Day 167, January 22nd
Four days ago we made our ascent up Mt. Sunday and Mt. Guy, two days ago we climbed up Mt. Isobel, today we add another data point to our chart as we decide to work our legs and lungs again and scale Mt. Robert. We had camped as closely as we could have the night before, so we would be able to hit the hills first thing in the morning. We drove the remainder of the route, about ten minutes up a gravel road to eat breakfast and prep for the hike. We were the beneficiaries of a unique show this morning as a group of DoC employees went about chopping up felled trees with great expertise in the art of chainsawing. A storm had made a mess of the area and had caused at least a dozen trees to fall over, the employees made short work of the fallen lumber as they cleared out the forest in only twenty minutes with a single chainsaw at work!
Mt. Robert is the first of the mountains in the last week that we’ve climbed that is actually a loop route. We take a look at the map-board to find that both routes to the top are similar times, but extremely different distances. The shorter of the two options takes the unassuming and possibly unprepared hiker up a series of steep switchbacks. The map-board at the carpark draws it out in an accurate zigzagging pattern, we opt not to kill ourselves with one steep uphill and opt into the longer, lower-grade route. This route walks along the treeline to the far side of the mountain then makes a slow uphill to the top of the ridge before walking you out on a level flat to the peak. This part of the hike boasts great views of Lake Rotoiti, which seems to constantly expand into a larger area, as well as St. Arnaud, a small township on the north side of the lake. All around we can see pastureland, but the weather is semi-bleak, clouds block out any long distance views, only allowing us to see the mountain range immediately surrounding the valley. Regardless, the views are still wonderful and we enjoy this slow uphill. As we climb we only gain better and better views of the region beneath us. The turning point on the far side of the mountain is Bush Line Hut, which is a DoC hut where backpackers can camp for the night. We stop for a snack then begin walking toward the next trail marker up the hillside. As it turned out the route we decided to take to try and reach the marker wasn’t actually the trail, it was just tussock grass in the direction we wanted. Jonathan had been in the lead with Amelia following behind him. When Jonathan realized he wasn’t on an actual path and saw where the path was located he turned toward it. Upon reaching the trail he turned around and saw that Amelia wasn’t behind him. He figured she had just continued to trudge upward through the tussock grass to the trail marker and he was right. A few minutes later he finds Amelia sitting on the ground waiting for him. She chuckles and asks “What took so long?” “How fast did you walk to beat me up here?” “My normal speed!”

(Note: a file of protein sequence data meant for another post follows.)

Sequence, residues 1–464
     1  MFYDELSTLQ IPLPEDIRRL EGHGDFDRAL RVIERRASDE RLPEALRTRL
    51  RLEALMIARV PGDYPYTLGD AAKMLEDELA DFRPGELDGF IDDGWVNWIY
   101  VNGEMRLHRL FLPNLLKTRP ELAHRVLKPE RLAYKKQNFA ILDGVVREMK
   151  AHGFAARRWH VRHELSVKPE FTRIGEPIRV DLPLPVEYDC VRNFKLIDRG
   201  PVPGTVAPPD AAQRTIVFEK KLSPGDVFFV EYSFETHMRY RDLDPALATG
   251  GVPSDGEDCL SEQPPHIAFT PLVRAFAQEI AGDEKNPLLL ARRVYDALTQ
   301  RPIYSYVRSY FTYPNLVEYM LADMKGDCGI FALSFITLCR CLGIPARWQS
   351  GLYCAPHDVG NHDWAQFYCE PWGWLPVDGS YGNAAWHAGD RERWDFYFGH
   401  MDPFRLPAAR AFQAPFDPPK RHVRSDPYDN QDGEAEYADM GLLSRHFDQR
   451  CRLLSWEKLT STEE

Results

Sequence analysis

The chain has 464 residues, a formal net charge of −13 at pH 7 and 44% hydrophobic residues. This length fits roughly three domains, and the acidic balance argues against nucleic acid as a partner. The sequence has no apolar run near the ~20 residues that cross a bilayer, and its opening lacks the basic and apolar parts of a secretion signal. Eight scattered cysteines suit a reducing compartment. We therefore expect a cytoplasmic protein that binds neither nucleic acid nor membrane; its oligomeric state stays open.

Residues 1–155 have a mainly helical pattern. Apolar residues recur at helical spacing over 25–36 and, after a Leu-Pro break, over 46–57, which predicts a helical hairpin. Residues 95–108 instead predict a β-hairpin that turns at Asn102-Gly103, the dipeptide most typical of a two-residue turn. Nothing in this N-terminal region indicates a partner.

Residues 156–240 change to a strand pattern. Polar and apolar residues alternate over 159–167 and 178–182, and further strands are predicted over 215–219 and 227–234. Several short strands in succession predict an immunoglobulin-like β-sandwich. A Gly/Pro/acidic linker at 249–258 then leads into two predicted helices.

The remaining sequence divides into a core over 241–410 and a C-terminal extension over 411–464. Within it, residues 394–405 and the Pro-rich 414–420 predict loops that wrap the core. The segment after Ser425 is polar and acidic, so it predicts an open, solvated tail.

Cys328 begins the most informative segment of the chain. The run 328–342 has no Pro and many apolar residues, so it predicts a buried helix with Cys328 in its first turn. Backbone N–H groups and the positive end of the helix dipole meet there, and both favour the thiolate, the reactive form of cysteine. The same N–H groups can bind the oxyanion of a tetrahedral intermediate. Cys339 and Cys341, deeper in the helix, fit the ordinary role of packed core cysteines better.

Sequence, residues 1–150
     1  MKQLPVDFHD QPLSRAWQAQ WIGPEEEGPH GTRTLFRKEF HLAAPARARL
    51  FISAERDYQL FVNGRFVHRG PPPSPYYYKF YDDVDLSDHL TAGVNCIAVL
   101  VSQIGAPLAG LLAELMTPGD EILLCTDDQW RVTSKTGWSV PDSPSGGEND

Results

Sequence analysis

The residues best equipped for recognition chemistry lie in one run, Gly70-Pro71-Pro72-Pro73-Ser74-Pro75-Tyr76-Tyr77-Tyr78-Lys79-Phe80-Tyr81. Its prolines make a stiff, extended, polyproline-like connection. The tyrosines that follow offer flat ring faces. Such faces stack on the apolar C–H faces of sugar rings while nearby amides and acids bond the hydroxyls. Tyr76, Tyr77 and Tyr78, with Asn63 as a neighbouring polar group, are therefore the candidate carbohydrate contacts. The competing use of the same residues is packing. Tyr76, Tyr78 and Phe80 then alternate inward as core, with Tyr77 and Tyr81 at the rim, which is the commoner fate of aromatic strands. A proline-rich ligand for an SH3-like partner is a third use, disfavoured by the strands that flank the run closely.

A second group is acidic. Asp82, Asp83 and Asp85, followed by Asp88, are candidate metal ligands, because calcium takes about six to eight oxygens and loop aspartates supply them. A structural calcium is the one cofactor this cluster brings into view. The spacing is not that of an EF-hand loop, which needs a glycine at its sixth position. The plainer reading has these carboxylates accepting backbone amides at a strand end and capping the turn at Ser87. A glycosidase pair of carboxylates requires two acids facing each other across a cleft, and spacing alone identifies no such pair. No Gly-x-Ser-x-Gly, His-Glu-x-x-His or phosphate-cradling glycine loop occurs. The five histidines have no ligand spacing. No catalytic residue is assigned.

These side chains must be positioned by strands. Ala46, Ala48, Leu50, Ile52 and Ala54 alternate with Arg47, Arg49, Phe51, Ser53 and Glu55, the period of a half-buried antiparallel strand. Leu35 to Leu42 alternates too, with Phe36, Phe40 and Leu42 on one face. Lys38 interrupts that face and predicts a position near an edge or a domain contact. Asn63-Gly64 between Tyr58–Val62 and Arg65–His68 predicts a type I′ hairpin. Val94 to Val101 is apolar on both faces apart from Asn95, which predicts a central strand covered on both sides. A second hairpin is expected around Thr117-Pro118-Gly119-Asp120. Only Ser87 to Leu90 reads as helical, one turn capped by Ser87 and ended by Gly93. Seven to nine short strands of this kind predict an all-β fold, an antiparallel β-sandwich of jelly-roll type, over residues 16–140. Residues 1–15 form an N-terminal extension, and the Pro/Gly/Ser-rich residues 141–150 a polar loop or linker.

We continued along the flattest part of the trail the rest of the way to the top of Mt. Robert. We reached the “peak” of the trail and stopped to admire the view.
Now came the relentless switchbacks. The downhill was easy, but it was consistently steep leaving our knees aching. We passed one fellow whom decided to go up this way and he was huffing pretty heavily as we passed him. We were thankful we hadn’t traversed this portion of this route as our uphill!
The closest holiday park was the Wairua Naturist Park. We’ll spare you the detail of our “nakation” but it was a unique experience!